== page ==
The changes are part of our 2022-26 Domestic Animal Management Plan and update Bayside’s existing cat curfew which has been in place since 2011.
From 2023, during daylight savings, the cat curfew is between 9pm-6am and cats must be confined to their
During non-daylight savings periods, cats must be confined to their owner’s property between 6pm-6am. The
earlier curfew time means Bayside’s moggies are tucked up for earlier sunsets in the cooler months.
The curfew changes are aimed at longer, healthier lives for cats, reducing the risk of car-related death or injury, fights with other animals, or fatal diseases such as feline AIDS.
“Essentially, it’s going to help protect our cats,” said Dr Felicity Smither, Vet Director, Greencross Vet Sandringham.
“They’re not going to be hit by a car, which is the number one cause of death for cats under three years of age.”
Dr. Smither makes an important point about the kind of confinement required under the curfew.
“It’s important to understand that it’s not necessarily about confining your cat indoors, but rather to your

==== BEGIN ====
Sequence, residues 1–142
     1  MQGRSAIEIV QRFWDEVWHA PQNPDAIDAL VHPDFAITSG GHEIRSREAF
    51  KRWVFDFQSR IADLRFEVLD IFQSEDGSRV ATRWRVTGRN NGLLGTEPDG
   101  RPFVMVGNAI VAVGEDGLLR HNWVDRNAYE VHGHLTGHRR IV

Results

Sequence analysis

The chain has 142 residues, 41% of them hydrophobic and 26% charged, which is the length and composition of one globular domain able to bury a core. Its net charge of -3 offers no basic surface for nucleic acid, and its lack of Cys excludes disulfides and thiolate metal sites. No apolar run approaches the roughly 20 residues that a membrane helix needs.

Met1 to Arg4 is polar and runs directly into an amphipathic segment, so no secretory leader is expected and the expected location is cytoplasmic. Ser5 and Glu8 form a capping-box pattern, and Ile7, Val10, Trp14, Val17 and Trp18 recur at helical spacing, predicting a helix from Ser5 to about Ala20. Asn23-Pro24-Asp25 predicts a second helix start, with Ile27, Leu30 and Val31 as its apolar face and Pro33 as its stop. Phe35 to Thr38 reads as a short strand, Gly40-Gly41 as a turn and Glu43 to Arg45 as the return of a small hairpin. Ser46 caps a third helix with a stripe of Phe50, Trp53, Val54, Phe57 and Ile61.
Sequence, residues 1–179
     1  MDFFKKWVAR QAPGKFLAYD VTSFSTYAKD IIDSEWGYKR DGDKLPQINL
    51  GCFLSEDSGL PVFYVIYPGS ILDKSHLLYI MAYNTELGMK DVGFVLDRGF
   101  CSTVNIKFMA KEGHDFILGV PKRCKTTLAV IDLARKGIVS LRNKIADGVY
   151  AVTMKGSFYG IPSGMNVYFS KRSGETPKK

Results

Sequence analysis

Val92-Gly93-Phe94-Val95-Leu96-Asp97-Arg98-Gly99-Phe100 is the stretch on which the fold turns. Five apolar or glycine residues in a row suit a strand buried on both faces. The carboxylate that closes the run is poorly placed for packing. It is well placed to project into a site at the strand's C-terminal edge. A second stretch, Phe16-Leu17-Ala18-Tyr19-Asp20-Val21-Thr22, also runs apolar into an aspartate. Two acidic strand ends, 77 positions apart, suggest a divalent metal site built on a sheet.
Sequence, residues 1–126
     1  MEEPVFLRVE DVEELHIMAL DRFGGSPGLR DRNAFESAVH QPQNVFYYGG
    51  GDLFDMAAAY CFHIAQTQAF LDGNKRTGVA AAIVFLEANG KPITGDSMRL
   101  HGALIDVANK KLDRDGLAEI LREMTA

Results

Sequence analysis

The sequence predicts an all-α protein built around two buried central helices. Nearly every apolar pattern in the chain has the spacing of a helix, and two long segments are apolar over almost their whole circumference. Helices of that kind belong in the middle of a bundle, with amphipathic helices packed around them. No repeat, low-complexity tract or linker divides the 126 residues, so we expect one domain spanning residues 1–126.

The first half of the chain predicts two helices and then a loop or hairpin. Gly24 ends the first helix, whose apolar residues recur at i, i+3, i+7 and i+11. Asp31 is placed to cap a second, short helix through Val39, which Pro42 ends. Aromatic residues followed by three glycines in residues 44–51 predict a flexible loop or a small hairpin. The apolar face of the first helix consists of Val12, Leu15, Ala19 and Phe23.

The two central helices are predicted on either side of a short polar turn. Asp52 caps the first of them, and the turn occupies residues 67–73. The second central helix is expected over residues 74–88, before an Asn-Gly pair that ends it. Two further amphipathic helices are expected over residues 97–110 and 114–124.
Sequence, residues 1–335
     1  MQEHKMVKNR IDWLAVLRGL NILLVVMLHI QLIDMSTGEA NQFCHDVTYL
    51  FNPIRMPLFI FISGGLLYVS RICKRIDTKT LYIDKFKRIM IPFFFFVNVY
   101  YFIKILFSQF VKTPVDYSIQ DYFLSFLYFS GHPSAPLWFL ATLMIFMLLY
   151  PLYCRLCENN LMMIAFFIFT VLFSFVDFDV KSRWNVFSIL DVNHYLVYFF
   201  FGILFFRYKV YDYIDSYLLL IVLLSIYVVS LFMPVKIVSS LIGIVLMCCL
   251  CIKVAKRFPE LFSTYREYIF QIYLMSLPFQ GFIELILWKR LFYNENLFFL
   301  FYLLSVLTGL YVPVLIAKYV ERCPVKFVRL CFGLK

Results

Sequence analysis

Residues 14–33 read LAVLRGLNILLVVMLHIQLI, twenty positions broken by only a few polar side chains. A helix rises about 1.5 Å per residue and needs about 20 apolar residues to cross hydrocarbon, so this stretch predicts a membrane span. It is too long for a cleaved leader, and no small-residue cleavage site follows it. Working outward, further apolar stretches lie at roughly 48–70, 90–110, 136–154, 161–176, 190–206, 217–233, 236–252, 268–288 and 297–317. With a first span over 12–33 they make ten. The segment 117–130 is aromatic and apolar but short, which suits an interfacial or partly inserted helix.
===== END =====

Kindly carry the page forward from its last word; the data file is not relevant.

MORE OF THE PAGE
property,” she said.
There are a number of companies that offer a range of portable and effective guards and safety nets to
ensure cats remain contained, yet gain crucial outdoor access.
The strengthened restrictions are also designed to protect our natural environment.
“The curfew will help prevent cats from injuring or killing wildlife,” said Michele Phillips from the Southern
Oakleigh Wildlife Shelter.
“A pinprick from a cat is a death sentence to any wildlife. It is also better for the cats, as they can get killed
by cars, fight with other cats, or go missing.”
The introduction of extended cat curfew hours is the first step towards transitioning to 24-hour cat containment in 2025/26, which will require cats to be kept on their owners’ properties at all times.
Bayside’s Domestic Animal Management Plan is a four-year plan that aims to improve and encourage
responsible pet ownership.
Learn more about responsible cat ownership